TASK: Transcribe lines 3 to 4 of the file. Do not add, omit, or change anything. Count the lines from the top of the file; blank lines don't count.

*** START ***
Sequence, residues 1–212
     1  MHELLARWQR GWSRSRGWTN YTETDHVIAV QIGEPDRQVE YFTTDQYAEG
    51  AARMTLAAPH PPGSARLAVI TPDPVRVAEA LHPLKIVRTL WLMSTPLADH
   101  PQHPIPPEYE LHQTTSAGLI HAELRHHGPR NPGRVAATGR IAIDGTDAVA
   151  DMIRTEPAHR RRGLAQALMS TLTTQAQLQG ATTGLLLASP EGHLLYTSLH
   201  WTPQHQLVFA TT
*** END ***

    51  AARMTLAAPH PPGSARLAVI TPDPVRVAEA LHPLKIVRTL WLMSTPLADH
   101  PQHPIPPEYE LHQTTSAGLI HAELRHHGPR NPGRVAATGR IAIDGTDAVA